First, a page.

March 18, 2012

Modern-Day Genocide of Indigenous People

Epidemics of Hepatitis and Malaria Ignored by Health Officials


Matses Press ReleasesIquitos, Peru, March 18, 2012 – During the 1960’s the Peruvian Air Force waged an open campaign of genocide against indigenous people when they bombed villages of the Matsés tribe located deep in the Amazon Rainforest.  Today forty years later, the Peruvian government is still effectively practicing genocide by ignoring epidemics of hepatitis and malaria within Matsés communities that if occurred elsewhere, would receive appropriate medical support.  Incredibly, not a single health care professional provides medical care in the 14 Matsés communities in Peru with a population of over 2,000 natives. 


In many Matsés communities, hepatitis is the leading cause of death with mortality rates of over ten percent per year in some villages.  The epidemic is due to the lack of availability of clean water and by the Peruvian Ministry of Health not providing hepatitis vaccinations.  Not even very basic health care, such as vaccinations, is provided to these indigenous people.  Health care professionals say that inexpensive preventive measures, such as providing wells and vaccines, could easily stop this epidemic which has the potential to destroy the Matsés people and with it their native culture. 


Sidney Possuelo, the renowned coordinator of Isolated Indians in the National Indian Foundation in Brazil (FUNAI), concurs that governmental health authorities are neglecting their responsibilities.  He believes if the same situation occurred outside of the indigenous communities, that the health authorities would order a quarantine and address the problem instead of ignoring this epidemic of hepatitis.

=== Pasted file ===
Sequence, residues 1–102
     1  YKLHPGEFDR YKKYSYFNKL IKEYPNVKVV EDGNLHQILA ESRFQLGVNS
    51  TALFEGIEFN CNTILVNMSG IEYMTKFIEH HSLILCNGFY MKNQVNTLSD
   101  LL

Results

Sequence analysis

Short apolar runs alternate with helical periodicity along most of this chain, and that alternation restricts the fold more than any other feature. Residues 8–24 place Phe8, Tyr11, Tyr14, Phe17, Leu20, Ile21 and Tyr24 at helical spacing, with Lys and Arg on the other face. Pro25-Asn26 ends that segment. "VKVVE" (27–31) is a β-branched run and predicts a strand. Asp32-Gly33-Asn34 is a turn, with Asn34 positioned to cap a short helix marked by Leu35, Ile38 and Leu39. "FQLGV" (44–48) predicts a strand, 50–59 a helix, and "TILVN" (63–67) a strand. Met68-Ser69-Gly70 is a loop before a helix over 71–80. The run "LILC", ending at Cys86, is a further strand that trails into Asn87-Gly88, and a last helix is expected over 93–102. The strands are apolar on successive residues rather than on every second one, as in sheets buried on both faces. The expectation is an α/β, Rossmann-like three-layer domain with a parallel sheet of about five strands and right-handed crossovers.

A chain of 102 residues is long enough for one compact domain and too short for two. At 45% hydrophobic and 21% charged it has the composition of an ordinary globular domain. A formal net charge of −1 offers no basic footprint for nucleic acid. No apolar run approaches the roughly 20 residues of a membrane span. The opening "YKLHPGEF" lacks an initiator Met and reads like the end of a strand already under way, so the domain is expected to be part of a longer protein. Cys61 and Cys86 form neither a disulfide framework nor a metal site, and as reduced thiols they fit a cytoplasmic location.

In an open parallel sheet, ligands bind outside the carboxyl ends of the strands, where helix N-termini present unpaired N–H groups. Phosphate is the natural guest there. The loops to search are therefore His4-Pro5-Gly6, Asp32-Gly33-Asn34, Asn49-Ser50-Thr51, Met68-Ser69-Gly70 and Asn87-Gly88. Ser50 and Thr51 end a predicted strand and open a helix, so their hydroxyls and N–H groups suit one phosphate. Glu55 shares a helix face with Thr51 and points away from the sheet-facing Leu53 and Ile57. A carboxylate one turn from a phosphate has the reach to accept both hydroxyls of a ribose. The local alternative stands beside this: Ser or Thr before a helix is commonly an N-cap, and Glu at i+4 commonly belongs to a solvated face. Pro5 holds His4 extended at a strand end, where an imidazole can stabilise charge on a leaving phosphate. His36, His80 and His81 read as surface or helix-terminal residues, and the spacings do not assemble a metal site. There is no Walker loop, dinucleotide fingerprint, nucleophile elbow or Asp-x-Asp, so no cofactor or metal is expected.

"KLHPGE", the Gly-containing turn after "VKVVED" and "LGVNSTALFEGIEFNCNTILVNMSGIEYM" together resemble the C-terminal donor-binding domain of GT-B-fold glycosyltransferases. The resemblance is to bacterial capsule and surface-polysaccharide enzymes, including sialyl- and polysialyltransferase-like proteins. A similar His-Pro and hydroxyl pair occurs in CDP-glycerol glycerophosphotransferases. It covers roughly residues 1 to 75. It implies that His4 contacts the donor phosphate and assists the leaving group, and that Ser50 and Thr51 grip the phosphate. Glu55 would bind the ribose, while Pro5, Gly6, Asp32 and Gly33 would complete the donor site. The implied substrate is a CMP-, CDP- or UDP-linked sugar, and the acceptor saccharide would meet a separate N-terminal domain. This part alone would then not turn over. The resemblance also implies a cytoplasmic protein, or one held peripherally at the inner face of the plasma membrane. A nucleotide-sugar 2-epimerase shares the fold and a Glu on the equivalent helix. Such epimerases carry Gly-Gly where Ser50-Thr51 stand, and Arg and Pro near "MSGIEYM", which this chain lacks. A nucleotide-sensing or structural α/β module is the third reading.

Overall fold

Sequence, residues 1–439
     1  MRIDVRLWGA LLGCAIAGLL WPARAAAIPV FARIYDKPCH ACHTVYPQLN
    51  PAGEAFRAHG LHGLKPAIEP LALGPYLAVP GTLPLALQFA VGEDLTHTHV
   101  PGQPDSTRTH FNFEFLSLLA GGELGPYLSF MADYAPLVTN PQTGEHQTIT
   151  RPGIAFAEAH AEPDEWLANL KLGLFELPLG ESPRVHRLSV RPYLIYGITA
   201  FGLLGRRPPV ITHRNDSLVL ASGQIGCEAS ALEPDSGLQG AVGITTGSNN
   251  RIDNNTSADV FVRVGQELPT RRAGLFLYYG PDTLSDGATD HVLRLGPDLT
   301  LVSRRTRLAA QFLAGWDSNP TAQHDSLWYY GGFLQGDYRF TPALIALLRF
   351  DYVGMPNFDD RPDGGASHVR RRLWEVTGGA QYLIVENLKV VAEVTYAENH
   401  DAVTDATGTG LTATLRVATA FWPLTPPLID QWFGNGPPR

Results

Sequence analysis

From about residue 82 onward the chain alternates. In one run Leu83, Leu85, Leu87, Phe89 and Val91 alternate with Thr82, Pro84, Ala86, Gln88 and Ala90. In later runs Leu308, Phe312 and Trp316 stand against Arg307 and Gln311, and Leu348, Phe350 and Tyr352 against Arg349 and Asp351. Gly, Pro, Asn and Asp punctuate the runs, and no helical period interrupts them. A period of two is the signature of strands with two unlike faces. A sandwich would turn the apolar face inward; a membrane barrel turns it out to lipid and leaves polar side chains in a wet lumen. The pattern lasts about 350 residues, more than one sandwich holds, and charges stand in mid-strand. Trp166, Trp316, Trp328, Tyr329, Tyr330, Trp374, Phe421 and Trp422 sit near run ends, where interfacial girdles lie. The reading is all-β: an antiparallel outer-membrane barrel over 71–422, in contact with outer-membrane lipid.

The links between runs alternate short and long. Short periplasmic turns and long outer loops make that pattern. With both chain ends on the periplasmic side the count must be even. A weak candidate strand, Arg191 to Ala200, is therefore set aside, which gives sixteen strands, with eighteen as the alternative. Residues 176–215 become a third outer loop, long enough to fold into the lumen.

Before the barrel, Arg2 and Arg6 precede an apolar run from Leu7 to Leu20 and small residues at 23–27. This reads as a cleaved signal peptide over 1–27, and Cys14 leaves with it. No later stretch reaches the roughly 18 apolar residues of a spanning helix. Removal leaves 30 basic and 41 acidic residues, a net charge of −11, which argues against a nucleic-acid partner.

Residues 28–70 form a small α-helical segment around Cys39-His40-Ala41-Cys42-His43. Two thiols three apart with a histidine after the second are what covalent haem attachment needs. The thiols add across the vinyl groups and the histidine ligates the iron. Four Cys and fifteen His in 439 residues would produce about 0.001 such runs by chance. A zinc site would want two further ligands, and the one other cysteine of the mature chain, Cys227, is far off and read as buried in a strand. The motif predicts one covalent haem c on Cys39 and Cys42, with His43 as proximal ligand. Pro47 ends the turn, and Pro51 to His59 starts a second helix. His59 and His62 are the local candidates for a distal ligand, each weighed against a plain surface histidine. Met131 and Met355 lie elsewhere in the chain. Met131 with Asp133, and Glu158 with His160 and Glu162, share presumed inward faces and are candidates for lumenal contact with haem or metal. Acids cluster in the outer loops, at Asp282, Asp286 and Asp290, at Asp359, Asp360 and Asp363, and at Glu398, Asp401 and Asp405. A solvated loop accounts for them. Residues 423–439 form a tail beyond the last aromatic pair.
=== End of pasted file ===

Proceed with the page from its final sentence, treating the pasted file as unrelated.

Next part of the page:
Similarly, malaria has reached epidemic levels and is decimating the Matsés people.  To make matters worse, the strain of malaria present is often quinine-resistant meaning that conventional quinine drugs are ineffective.  In cases such as this, the World Health Organization recommends switching protocols to include an artemisinin-based combination therapy (ACT).  Artemisinin is derived from plant-extracts from Artemisia species.  The Peruvian Ministry of Health has yet to implement the World Health Organizations recommendations to provide ACT in areas where quinine-resistant malaria occurs.  In fact, the Peruvian government provides no malaria treatment or other medical support to the Matsés communities. 


The treatment of indigenous people in Peru is in stark contrast to Brazil where in April of 2006 the government implemented "Vaccination Month for Indigenous People.”  Two-thousand health professionals gave hepatitis and other vaccinations to approximately 37 thousand Indians from 103 different ethnic groups.  The campaign was promoted by the National Health Foundation (FUNASA) and was supported by the Brazilian Ministry of Health and the Pan-American Health Organization (PAHO).  Ironically, the Matsés live on Peru’s border with Brazil, yet those living in Peru are unable to receive the quality of medical support available on the other side of the border due to current Peruvian policies with respect to indigenous people. 


The Matsés Movement has been attempting to negotiate an agreement with the Peruvian Ministry of Health to provide essential health care, but lack of funds has been an obstacle.  The Ministry of Health has the needed health professionals but lacks resources for medicines and transporting personnel to the isolated area where the Matsés people live. 


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